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Five Ways to Make Taxes Less of a Hurricane, and More of a Breeze

By Chad Chandler | | 0

Tax PreparationTax season is on the horizon, and it is time to discover just how tax efficient you have been in organizing your assets and activities. Let's face it: not everyone has the soul of an accountant. Since we don’t want to think about taxes until it is impossible to put it off any longer, much of the time we aren’t organized when it’s time to figure out the various advantages that we may have coming to us in the Spring. But it isn’t too late to organize for tax year 2017. And since those horrific deadlines are approaching for 2016, now is a good time to get organized for the tax year.

Even if you haven’t been efficient in your records and activity, there are still some things that you can do to make 2016 figures a bit more palatable.

According to the webpage, Examined Existence, it takes an average of 66 days to form a habit. Spend the rest of the 2016 forming a habit or two that will make the next tax year easier. This is the perfect time to start planning for next year.

  1. Get a mileage booklet, and start writing down your odometer figures. It doesn’t take any time once you are organized, and the habit has been formed. Mileage booklets are everywhere this time of year, and they make great stocking stuffers for weary dads and moms who are overwhelmed with things like expense accounts and reimbursements. This is essential for a business owner, or a reimbursed employee, but it can help with other Schedule A items, too. How many times have you wondered exactly how far it is to Little League practice and back? Exactly what are your medical miles? There are various work-arounds for this information; some of them are acceptable, and some of them aren’t. Even with a logical estimate of work miles, questions can be raised, but the IRS loves a personal diary kept on a daily basis, because it answers the most logical question, “How do you know this is correct?”
  2. Have an envelope ready in your car for receipts. Throw all receipts in that envelope. Put it next to your mileage booklet. You might want to refine this part of your system by having an envelope for work or business-related things, and another for personal items, but let's keep it simple. There is no limit to how often you need a receipt, and you simply don’t know where it is. Now, you do.
  3. Have another envelope ready in your house for receipts for items that you buy online. If you aren’t the type that prints out receipts, then make a folder in your email system for receipts. Again, if you have a lot of work-related expenditures, you might want to differentiate between work and personal. If you have medical problems, you may want a medical receipt folder. But, again, keep it simple. If you have one folder for receipts, then when it comes to tax time, it is a lot easier to sort out the business/medical/personal receipts from one folder than it is to try to remember if you filed it under your doctor’s name, your drug store’s name, or just left it in the inbox where you can try to remember the date.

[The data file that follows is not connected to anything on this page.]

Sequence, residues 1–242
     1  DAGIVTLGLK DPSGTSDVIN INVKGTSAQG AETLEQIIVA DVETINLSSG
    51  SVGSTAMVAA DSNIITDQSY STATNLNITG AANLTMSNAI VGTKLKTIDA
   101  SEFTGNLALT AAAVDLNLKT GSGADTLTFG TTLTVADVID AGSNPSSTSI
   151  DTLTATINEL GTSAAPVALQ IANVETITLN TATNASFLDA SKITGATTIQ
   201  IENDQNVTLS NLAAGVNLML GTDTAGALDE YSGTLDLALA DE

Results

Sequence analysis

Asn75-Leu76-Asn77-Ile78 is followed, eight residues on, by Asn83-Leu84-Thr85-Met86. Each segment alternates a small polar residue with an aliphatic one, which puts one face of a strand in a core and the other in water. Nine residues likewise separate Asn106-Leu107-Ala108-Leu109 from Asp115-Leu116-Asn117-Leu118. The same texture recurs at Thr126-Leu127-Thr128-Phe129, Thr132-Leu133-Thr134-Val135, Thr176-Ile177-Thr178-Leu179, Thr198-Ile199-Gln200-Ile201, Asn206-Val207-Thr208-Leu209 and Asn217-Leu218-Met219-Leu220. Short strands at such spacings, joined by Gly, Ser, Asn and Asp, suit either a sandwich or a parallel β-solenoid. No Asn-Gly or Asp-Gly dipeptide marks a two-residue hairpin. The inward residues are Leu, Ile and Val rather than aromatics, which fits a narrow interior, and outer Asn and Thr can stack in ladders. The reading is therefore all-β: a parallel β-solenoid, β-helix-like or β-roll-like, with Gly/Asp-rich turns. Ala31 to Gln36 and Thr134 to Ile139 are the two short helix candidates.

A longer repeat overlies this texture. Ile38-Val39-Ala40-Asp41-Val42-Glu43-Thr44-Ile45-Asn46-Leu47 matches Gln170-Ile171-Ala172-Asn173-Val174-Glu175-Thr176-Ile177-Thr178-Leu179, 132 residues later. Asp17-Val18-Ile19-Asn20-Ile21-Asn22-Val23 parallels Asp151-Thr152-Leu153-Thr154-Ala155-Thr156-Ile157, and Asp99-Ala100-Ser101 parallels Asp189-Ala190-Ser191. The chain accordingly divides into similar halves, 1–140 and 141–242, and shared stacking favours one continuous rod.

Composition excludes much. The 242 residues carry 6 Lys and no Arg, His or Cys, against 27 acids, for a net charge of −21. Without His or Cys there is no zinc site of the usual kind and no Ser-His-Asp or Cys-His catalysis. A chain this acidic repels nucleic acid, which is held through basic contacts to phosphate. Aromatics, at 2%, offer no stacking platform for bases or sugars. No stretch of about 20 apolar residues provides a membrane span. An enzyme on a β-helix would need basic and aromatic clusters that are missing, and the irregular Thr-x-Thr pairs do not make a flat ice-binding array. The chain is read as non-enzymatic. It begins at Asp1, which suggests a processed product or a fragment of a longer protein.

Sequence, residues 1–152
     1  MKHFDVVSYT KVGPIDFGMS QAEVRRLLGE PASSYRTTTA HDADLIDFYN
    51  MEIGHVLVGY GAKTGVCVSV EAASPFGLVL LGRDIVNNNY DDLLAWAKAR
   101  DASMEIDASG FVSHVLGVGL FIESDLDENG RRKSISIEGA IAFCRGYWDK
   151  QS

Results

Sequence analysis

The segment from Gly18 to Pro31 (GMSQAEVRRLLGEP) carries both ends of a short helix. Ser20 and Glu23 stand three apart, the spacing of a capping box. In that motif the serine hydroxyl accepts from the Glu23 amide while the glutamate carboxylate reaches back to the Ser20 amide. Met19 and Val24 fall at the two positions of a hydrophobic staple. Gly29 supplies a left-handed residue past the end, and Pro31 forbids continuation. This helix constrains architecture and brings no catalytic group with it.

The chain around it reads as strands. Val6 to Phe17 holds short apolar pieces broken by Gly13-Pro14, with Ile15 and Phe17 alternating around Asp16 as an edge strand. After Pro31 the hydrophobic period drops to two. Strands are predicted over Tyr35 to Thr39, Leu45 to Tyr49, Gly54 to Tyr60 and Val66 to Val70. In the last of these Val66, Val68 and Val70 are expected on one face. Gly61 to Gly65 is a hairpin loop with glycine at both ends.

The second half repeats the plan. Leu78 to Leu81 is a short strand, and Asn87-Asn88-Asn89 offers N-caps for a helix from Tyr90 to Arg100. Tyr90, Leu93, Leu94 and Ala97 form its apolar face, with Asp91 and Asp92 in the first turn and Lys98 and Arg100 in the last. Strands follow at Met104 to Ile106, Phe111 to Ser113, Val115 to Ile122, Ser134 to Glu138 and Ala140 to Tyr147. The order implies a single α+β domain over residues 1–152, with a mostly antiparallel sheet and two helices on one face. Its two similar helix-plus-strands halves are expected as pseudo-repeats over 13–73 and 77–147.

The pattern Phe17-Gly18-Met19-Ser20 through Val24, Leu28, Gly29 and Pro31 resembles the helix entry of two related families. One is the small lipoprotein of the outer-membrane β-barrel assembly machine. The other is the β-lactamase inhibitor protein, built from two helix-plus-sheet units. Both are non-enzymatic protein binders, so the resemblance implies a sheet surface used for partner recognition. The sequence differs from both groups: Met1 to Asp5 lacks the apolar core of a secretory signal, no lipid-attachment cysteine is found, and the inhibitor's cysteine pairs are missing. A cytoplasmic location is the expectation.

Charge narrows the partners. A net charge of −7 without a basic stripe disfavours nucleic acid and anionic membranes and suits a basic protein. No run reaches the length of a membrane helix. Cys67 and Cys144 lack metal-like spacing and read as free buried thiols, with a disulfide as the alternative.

4. If you give something to charity, then get the signed receipt. You can put it with the rest of your receipts in the glove box or the console of the car, but make a note of what you have given, and keep the dated, signed piece of paper. Charitable giving can add up, especially if you are moving, or renovating a room. The irritating thing is that these are the times when we tend to be rushed, and hurried, and lose things because our routine is compromised. That is when habits regarding receipts come in handy. Where is my receipt (for the pitcher’s glove, the Latanoprost, the picture frame for the school play, the drywall for the kitchen remodel, the gas I bought for the convention in Las Vegas)? It is either in the glove box or the receipt folder. Remember, sales tax on everything you buy is deductible in certain circumstances, so save them all. Yes, you will spend some time sorting them out, but it won’t be a frantic search, it will be a calm and orderly process that will reward you with the biggest possible deduction.
  5. Begin NOW. When you stop reading this, get in the car. Clean out the glove box; put the maps somewhere else if you have a lot of them. Drive to the nearest office supply store, and buy two mileage books (one for each year; you can cross out the 2017 for the one for the rest of this year, if you are reading this in 2016.)  Buy a set of envelopes that will fit neatly in your glove box or console. Buy a pen with a reliable clip that will fit nicely onto the mileage book. Buy a special case for your car registration and insurance so that they are easily recognizable. And when you leave the store, write down the odometer reading next to today’s date, and remember to write down the ending reading when you get home. Put “x 2” next to the entry so that you get the round trip. Leave the mileage book on the passenger seat so that you remember to record the readings when you get in the car. (If you have a smartphone to do this for you, that’s great, but do you utilize this feature?) Also, while you are in the car, take a one-time picture of the odometer reading. The picture will have the date on it, and then you will have the information that you need for depreciation and business expense. Send it to your computer, and file it under receipts.
  6. One more thing, make a New Year’s resolution—After you have sung “Auld Lang Syne” and kissed your true love, run out to the car and write down the mileage. (Just kidding.)

For further discussion on tax efficiency, contact us.

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Posted in Individuals & Families, Tax Preparation

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